Matter of KraussAnnotate this Case
401 S.E.2d 123 (1991)
101 N.C. App. 112
In the Matter of John Michael KRAUSS, Jr., Geneva Fransica Krauss.
Court of Appeals of North Carolina.
March 5, 1991.
*124 E.B. Borden Parker, Goldsboro, for petitioner-appellee.
Shelby Duffy Albertson, Goldsboro, for respondent-appellant.
Respondent contends that the trial court erred in admitting the hearsay testimony of his children's statements to child abuse experts under Rule 803(24). We disagree.
In State v. Smith, 315 N.C. 76, 337 S.E.2d 833 (1985), the Supreme Court set out a six-pronged analysis that the trial court must apply to admit hearsay under Rule 803(24). Respondent objects to the admission of this testimony solely on the grounds that he was not given the particulars of the hearsay testimony. He argues that he was not provided with notes about *125 some interviews that the expert witnesses had with the children. The petitioner gave respondent the names and addresses of the witnesses. Respondent had copies of some of the notes made during the sessions with the children. On this record we hold that the respondent had adequate notice of the content of the hearsay testimony to adequately prepare to meet the statements.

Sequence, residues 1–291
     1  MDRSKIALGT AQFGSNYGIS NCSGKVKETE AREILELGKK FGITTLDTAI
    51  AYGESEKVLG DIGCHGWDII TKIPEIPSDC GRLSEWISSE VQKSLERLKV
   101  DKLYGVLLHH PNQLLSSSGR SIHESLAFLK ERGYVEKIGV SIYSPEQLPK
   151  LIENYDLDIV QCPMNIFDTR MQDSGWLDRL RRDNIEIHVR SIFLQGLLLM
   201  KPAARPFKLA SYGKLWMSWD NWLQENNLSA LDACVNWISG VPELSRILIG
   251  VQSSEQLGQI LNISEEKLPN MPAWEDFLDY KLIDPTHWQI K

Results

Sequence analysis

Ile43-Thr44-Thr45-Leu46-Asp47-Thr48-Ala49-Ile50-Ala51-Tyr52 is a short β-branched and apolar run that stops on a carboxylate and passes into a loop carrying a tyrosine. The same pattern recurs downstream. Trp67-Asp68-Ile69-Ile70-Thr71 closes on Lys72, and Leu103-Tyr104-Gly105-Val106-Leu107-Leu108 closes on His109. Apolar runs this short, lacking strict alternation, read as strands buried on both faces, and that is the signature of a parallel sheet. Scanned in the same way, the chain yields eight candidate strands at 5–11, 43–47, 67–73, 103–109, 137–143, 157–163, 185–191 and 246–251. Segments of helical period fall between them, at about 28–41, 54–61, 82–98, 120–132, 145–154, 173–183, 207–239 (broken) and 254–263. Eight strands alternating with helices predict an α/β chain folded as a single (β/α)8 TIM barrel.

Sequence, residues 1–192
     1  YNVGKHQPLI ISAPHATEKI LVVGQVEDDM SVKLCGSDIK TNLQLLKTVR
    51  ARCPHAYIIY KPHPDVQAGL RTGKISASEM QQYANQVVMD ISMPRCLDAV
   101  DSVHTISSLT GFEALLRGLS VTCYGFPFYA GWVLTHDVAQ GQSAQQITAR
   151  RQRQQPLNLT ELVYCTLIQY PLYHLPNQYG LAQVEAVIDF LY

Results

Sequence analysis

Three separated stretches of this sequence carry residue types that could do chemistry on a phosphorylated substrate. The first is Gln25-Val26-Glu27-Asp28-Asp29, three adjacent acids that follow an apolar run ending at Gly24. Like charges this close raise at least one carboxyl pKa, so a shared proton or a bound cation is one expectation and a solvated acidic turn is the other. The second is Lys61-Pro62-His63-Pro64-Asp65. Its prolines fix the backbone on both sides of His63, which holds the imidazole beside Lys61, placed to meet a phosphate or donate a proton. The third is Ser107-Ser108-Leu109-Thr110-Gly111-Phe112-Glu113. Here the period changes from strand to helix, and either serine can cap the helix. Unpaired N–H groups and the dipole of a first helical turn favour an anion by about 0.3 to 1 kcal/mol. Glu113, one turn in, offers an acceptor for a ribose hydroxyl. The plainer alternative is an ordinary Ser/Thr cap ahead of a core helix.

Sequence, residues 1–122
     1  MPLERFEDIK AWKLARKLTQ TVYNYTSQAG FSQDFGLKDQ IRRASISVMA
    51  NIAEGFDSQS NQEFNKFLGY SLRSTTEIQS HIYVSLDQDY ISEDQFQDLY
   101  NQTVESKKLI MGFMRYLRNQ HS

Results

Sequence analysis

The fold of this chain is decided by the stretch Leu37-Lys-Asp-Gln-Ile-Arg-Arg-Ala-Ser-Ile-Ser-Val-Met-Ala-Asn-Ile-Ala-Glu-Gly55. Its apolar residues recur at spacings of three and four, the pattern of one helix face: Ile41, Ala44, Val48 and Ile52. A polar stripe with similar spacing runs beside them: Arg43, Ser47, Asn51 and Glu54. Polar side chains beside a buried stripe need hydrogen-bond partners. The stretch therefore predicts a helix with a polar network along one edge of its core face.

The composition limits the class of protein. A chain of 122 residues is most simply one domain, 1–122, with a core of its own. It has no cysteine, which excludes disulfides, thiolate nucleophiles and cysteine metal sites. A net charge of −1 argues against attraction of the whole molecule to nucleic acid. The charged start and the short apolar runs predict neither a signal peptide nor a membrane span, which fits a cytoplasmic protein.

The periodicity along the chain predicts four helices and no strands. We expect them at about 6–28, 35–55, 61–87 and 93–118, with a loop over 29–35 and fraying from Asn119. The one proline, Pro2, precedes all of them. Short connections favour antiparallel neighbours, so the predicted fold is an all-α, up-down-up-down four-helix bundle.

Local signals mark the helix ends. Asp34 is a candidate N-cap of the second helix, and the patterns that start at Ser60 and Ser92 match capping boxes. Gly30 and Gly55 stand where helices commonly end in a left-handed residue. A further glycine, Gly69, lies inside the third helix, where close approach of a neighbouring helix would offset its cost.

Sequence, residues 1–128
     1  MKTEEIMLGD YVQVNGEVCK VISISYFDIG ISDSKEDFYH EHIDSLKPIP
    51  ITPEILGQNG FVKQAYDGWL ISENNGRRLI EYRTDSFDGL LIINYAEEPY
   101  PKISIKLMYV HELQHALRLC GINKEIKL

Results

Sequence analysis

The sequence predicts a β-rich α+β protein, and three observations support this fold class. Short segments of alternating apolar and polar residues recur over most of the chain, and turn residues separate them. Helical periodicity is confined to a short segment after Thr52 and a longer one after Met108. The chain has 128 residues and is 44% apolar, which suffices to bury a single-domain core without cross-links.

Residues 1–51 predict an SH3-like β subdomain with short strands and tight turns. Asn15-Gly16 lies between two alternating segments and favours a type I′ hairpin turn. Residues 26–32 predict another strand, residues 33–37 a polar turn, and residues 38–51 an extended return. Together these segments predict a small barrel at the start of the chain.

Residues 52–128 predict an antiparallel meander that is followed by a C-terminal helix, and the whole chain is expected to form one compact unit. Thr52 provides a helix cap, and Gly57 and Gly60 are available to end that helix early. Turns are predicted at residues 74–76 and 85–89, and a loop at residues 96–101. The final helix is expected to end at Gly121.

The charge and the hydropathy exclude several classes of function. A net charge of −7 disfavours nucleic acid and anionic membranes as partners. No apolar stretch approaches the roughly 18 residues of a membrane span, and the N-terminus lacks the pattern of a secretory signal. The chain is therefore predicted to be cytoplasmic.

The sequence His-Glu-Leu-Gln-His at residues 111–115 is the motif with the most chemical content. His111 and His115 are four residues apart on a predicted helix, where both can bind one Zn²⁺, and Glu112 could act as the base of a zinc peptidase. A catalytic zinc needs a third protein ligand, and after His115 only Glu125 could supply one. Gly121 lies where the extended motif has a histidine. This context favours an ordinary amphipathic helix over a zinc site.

Respondent also argues that the evidence was insufficient to support the following findings of the trial court: (1) that respondent terrorized his children and emotionally damaged them; (2) that respondent committed sexual acts upon both his children; (3) that respondent did not provide proper care, supervision, or discipline for his children; and (4) that the children were neglected and abused within the meaning of G.S. 7A-517(1)(c) and (d). Additionally, the respondent objects to the court's conclusion of law that the children were neglected and abused within the meaning of G.S. 7A-517. After a careful review of the record, we hold that respondent's arguments are without merit.